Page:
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|Ironbridge, built 1779 over the River Severn|
Illegitimacy - I am sure this must be feature in many a family history. In the course of research into my mother's Danson family, I came across this document at Lancashire Record Office which identified such a case.
In 1810, John Danson, aged 21 and eldest son of Henry Danson and Elizabeth Brown of Carleton, Lancashire was served with an affiliation order ordering him to contribute to the upkeep of his “said bastard child” - a daughter by Ann Butler of Marton. The poor child was repeatedly given this tag in the document below which is fascinating on its choice of language:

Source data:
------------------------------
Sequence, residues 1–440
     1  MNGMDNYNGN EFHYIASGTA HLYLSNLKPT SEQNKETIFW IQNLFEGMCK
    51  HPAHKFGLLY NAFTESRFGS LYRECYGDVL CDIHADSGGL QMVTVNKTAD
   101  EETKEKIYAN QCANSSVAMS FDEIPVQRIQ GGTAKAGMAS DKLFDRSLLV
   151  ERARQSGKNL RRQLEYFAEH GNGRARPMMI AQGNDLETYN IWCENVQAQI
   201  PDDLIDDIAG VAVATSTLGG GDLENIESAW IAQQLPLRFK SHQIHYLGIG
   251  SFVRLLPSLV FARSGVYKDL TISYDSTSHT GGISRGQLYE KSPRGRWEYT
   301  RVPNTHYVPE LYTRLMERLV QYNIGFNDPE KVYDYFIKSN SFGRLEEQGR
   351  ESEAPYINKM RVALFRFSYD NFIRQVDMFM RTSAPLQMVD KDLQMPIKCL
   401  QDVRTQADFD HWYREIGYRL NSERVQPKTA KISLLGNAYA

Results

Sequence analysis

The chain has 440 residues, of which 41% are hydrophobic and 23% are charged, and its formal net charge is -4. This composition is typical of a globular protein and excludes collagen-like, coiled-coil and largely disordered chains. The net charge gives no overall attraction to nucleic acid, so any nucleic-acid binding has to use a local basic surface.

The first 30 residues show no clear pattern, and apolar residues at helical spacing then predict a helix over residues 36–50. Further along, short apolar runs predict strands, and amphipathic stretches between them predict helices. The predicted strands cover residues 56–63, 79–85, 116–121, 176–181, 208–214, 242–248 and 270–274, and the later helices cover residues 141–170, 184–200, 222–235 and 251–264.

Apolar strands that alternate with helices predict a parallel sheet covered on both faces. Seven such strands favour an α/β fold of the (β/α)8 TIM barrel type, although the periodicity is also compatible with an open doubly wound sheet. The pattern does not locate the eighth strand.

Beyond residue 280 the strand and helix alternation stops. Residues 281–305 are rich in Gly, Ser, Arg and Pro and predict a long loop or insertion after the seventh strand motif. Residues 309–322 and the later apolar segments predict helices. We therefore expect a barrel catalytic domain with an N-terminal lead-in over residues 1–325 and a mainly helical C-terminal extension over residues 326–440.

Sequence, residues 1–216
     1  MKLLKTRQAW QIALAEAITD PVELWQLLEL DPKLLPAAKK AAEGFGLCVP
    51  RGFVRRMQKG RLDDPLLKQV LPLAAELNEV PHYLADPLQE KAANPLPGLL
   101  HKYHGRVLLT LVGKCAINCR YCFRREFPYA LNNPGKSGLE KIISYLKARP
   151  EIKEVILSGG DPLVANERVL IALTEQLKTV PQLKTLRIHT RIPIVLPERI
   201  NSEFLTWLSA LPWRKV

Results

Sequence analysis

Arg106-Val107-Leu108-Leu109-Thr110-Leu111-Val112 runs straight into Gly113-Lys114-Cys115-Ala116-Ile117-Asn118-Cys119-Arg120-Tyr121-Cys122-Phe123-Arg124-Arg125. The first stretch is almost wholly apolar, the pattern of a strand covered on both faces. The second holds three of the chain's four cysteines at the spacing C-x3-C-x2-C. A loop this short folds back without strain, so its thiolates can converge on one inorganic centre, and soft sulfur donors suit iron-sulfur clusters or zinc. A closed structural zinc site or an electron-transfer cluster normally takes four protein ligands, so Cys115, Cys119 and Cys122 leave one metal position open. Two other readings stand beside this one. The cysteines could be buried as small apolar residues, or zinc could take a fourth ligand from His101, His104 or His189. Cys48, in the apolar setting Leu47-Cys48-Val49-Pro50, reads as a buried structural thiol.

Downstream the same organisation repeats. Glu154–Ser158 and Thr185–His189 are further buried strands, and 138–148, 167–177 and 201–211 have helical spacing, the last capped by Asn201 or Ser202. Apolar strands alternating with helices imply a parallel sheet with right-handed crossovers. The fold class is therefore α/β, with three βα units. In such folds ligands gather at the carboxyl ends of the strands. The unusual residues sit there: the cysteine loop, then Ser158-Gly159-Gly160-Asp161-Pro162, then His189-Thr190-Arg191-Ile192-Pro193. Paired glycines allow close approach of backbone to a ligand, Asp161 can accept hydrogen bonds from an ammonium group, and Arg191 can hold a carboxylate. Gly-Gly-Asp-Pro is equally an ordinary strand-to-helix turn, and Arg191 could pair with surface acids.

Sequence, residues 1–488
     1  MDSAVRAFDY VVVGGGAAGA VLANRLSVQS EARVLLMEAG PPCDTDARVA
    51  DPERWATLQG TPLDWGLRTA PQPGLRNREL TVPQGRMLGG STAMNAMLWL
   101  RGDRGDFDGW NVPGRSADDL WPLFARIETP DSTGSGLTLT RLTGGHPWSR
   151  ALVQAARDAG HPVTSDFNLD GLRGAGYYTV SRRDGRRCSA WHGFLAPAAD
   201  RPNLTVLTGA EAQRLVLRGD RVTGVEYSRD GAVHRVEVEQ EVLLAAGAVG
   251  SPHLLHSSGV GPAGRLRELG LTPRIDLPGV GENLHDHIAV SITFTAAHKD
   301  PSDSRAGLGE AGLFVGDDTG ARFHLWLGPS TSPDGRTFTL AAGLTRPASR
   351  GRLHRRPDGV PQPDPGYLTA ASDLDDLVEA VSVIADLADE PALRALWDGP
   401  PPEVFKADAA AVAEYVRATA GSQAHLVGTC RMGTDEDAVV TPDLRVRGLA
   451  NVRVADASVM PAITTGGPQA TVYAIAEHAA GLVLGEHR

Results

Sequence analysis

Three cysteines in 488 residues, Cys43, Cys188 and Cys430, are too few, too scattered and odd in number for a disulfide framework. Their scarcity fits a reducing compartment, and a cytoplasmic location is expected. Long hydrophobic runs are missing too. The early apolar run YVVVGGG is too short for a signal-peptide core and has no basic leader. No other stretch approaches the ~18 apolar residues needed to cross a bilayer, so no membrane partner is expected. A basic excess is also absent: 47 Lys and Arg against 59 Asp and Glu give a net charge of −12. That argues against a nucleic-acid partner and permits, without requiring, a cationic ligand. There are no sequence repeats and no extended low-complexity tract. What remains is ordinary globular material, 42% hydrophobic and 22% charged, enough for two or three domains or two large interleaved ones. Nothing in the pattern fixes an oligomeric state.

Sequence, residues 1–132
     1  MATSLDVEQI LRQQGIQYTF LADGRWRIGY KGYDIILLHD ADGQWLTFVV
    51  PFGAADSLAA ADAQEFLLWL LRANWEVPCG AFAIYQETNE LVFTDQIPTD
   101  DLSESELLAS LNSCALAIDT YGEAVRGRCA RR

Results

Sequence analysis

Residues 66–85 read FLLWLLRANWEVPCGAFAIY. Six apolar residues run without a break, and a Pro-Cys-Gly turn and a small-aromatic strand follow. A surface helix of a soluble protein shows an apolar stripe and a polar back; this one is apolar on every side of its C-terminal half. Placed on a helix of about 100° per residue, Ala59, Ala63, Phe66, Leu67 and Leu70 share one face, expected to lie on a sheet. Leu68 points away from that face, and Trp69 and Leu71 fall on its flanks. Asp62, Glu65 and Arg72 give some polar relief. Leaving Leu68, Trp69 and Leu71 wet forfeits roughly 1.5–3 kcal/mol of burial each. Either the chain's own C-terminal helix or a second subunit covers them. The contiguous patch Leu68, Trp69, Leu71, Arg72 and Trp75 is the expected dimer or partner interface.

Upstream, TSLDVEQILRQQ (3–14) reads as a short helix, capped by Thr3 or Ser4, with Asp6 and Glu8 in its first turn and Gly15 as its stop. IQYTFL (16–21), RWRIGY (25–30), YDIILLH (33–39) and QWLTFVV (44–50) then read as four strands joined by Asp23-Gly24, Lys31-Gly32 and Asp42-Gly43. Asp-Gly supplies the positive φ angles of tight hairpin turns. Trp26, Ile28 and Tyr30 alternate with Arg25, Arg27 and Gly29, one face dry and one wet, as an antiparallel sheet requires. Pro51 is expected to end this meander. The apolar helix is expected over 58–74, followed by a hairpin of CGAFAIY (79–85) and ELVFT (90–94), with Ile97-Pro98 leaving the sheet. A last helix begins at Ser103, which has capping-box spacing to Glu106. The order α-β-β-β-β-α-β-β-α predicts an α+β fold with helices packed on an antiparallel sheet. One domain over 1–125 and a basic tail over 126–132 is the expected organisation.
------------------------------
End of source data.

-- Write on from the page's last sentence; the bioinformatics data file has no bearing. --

In 1810, £1 18s 0d would have the same spending power of today's £64.52 with 2s 0d being worth today £3.40. (www.nationalarchives.gov.uk/currency). - not much for bringing up a child!
Irregular Marriages - a feature of Scottish family history.
An “irregular” or “clandestine” marriage was in the form of a verbal declaration by thThe The British Parliament outlawed irregular marriages in 1753 with the introduction of Lord Hardwicke’s Marriage Act, but this did not apply to Scotland. As a result, many English couples eloped to Scotland to obtain a quick and easy marriage. Toll houses on the Scottish-English border became “centres” for irregular marriages - at Annan and Gretna in Dumfriesshire and at Coldstream and Lamberton in Berwickshire.